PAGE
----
FRS works well in the following scenarios.
Because changes occur infrequently, the data is usually consistent. In addition, FRS has less data to replicate, so network bandwidth is not heavily affected.
Geographically dispersed sites might have slower bandwidth connections, but if your organization does not require the data in those sites to always be consistent with each other, you can configure replication in those sites on a schedule that make sense for your organization. For example, if your organization has sites in Los Angeles and Zimbabwe, you can place one or more replicas of the data in servers in those sites and schedule replication to occur at night or during periods of low bandwidth use. Because in this scenario replication could take hours or days to update every member, the delay must be acceptable to your organization.
Replication conflicts rarely occur if only a single user changes a given file from a single location. Some common scenarios for single authorship are redirected My Documents folders and other home directories. Conversely, if users roam between sites, replication latency could cause the file to be temporarily inconsistent between sites.
Replication latency is reduced by frequently replicating data using high-speed connections. As a result, data tends to be more consistent.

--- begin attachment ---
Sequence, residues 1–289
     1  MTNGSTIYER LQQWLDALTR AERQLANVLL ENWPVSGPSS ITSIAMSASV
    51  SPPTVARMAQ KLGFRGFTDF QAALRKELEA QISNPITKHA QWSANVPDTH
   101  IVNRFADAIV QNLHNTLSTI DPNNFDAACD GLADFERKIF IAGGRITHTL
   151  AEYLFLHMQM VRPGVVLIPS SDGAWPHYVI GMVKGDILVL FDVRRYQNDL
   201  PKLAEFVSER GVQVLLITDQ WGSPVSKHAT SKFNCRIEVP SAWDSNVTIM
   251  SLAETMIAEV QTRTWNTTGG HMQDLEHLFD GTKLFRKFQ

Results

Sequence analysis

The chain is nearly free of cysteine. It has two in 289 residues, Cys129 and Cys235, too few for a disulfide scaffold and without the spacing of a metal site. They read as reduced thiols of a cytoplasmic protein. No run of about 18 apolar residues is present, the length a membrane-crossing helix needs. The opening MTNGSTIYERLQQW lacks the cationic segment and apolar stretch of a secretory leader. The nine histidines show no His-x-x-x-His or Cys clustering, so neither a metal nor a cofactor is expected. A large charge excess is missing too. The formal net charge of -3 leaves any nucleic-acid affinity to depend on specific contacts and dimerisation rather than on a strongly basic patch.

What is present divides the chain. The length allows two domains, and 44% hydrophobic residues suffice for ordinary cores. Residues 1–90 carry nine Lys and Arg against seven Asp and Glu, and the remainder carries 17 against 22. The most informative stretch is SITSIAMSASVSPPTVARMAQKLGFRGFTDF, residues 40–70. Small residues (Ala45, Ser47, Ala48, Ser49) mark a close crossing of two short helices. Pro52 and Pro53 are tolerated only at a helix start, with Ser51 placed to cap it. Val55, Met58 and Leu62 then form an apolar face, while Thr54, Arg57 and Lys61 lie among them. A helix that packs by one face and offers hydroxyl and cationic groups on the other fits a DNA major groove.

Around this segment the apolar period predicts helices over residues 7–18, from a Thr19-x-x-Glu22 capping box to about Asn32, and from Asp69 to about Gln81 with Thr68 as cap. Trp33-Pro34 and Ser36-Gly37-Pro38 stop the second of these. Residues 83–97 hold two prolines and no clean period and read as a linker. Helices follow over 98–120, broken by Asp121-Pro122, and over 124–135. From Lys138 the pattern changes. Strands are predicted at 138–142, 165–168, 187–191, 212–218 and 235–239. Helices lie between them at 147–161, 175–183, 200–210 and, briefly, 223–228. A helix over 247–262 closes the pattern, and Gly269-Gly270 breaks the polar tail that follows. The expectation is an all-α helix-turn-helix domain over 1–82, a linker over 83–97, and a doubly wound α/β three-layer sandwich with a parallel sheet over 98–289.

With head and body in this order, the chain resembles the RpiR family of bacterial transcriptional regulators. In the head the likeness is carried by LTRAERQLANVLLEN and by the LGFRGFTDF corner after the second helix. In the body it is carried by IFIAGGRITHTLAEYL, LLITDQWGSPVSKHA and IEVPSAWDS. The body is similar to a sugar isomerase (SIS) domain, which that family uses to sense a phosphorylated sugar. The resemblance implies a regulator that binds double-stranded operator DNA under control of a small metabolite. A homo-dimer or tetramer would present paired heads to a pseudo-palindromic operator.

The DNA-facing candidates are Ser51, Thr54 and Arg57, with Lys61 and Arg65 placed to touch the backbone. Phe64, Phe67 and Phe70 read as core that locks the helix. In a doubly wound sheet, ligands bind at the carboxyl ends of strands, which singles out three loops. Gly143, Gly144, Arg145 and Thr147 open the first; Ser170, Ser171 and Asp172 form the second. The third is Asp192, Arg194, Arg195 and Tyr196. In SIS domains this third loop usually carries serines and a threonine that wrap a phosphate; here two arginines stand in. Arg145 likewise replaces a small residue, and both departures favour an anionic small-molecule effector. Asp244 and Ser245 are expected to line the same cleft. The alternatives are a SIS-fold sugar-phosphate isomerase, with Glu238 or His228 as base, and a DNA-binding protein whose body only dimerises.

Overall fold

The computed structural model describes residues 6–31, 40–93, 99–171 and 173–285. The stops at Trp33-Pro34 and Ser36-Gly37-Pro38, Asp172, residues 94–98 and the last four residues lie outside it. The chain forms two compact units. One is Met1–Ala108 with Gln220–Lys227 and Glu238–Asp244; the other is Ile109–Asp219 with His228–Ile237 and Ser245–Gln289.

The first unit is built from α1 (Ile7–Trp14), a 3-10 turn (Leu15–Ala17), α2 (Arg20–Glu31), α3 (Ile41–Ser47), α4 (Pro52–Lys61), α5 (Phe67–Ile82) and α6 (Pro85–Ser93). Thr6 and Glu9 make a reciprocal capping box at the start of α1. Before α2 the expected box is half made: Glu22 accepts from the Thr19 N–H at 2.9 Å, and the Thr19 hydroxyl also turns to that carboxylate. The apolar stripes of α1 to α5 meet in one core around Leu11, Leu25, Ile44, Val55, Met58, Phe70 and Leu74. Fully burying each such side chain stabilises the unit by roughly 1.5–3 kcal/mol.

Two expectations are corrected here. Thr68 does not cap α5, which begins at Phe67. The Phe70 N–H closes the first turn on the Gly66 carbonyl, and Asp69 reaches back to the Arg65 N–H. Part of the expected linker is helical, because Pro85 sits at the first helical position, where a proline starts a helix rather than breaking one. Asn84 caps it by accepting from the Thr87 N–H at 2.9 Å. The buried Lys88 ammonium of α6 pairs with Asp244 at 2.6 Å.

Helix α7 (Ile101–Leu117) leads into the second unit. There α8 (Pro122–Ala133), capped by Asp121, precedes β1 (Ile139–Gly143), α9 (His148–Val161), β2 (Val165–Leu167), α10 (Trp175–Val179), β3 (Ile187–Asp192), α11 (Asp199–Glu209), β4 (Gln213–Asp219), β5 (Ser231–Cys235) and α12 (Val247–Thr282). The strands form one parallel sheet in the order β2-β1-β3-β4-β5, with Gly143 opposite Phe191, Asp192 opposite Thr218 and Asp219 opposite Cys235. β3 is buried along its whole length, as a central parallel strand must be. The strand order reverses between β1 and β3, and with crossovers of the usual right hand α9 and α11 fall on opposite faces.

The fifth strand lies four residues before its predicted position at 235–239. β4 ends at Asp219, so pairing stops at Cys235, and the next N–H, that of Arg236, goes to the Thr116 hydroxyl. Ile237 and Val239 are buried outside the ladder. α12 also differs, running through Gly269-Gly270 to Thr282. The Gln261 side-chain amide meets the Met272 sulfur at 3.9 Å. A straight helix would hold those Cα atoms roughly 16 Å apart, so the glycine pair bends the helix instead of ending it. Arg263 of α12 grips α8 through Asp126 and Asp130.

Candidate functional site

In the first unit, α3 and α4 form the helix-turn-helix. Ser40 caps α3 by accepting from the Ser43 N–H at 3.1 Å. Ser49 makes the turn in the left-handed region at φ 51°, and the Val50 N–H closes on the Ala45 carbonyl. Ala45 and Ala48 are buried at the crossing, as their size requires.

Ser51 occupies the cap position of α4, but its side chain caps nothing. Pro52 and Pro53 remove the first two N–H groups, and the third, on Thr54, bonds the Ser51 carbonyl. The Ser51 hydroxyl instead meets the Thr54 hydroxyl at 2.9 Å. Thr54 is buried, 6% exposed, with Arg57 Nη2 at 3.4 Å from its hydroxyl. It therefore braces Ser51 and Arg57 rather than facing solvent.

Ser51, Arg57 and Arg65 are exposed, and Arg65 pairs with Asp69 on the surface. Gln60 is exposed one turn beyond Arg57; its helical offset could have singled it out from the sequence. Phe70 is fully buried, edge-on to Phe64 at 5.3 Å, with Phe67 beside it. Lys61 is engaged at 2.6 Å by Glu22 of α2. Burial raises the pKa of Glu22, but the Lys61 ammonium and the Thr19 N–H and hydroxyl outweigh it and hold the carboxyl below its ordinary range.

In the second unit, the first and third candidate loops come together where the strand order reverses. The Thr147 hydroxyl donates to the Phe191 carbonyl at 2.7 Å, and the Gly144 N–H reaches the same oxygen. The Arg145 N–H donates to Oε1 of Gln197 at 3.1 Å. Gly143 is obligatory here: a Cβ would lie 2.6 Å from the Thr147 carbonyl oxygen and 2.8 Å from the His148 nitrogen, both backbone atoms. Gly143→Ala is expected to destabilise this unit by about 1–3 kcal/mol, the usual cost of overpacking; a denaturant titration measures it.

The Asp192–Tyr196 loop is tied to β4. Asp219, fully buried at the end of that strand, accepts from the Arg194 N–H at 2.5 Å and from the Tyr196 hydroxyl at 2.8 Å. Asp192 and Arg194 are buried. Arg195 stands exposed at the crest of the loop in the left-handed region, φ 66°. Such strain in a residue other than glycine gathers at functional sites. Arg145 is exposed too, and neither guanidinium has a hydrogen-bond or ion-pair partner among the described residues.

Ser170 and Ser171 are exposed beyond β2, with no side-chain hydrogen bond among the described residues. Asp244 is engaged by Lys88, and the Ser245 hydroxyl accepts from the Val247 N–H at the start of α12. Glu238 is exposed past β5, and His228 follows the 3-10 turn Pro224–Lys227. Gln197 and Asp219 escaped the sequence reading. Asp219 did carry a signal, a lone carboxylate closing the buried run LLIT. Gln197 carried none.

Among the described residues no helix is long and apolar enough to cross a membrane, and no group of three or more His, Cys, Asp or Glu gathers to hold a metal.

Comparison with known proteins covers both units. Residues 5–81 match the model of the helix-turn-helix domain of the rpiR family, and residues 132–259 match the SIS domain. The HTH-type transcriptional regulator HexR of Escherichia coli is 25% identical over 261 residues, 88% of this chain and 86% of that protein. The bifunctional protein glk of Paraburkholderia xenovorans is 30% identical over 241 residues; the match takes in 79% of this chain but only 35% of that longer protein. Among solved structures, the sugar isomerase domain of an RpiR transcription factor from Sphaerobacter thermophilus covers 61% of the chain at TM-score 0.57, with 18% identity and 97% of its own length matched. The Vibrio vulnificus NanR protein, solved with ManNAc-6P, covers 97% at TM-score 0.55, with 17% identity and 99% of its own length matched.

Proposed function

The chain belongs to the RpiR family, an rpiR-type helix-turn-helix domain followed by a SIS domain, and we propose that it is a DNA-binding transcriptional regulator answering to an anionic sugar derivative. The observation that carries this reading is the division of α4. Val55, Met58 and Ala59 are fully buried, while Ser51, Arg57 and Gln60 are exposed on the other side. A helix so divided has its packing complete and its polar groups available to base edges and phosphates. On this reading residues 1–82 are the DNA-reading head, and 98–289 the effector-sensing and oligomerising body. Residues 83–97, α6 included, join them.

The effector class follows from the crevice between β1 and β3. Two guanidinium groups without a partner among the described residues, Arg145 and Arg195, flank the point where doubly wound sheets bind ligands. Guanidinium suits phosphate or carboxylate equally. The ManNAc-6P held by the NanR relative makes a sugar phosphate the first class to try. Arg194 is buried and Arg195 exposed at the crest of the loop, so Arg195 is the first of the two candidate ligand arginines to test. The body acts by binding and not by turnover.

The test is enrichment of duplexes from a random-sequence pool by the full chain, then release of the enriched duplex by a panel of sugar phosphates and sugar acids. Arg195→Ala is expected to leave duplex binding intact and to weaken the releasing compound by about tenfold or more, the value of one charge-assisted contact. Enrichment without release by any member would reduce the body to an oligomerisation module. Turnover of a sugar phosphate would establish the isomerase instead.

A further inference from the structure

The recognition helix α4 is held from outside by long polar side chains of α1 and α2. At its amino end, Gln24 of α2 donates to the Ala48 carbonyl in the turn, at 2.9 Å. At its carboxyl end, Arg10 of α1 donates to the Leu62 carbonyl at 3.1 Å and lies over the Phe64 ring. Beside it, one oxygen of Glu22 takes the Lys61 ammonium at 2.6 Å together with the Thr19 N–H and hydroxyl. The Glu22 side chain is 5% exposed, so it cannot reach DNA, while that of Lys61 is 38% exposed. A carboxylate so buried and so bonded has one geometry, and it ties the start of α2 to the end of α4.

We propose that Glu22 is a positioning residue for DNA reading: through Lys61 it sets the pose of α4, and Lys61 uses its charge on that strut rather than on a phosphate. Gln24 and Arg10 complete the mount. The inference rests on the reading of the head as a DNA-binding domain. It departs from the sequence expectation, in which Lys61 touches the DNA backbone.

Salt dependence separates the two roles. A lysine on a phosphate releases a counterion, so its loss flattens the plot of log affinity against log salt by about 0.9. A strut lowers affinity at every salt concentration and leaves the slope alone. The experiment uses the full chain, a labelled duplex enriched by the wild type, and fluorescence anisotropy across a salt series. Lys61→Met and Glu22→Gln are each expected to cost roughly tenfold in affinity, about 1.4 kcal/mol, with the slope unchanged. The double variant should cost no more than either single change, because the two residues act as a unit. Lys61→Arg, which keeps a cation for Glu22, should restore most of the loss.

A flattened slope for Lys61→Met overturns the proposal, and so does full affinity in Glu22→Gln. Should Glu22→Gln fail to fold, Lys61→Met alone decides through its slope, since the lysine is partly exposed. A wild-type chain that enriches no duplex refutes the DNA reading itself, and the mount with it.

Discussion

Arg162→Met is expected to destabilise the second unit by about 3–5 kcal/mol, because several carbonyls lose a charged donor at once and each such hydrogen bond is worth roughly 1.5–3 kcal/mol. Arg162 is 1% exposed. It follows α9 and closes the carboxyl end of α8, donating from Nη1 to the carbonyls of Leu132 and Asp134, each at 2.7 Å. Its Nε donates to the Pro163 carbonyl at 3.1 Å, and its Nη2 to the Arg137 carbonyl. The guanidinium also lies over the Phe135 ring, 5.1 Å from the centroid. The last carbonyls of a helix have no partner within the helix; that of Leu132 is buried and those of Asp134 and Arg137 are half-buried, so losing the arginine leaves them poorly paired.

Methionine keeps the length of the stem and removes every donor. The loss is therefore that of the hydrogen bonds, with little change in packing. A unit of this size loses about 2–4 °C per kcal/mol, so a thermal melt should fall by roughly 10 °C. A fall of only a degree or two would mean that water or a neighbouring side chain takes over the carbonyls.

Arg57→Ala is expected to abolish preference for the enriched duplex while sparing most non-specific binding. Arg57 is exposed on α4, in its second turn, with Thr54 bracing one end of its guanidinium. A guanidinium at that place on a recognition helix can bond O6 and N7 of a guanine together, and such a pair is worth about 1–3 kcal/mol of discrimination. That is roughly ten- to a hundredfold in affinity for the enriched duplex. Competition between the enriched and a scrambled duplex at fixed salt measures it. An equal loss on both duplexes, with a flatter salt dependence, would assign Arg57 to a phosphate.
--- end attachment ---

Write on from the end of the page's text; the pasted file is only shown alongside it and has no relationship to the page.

It is possible to use DFS and FRS to replicate read-write user data so that if one file server fails, another can take its place. However, before deploying such a scenario, the following factors must be taken into account to determine if DFS and FRS are appropriate in the context of the planned scenario.
The issues to consider are:
In some scenarios, this can still be acceptable. The key question is how likely it is that conflicting edits may be made by two different client computers to the same file before the data has had time to replicate.
Another concept is to consider a mechanism (such as scripts) whereby only one of the link targets raises its shared folder at a time. In this case, DFS can only ever successfully route a client computer to one file server, and so such write conflicts cannot occur. In this case, failover is provided by deciding one other member of the replication set can raise its file share, and the failing member is disconnected and has its file share lowered.
The final issue to consider in this scenario is bandwidth usage. Because users are updating files, there is no clear bound to how much replication traffic they may generate, and this should be considered carefully in replica sets that are intended to span a wide area network (WAN).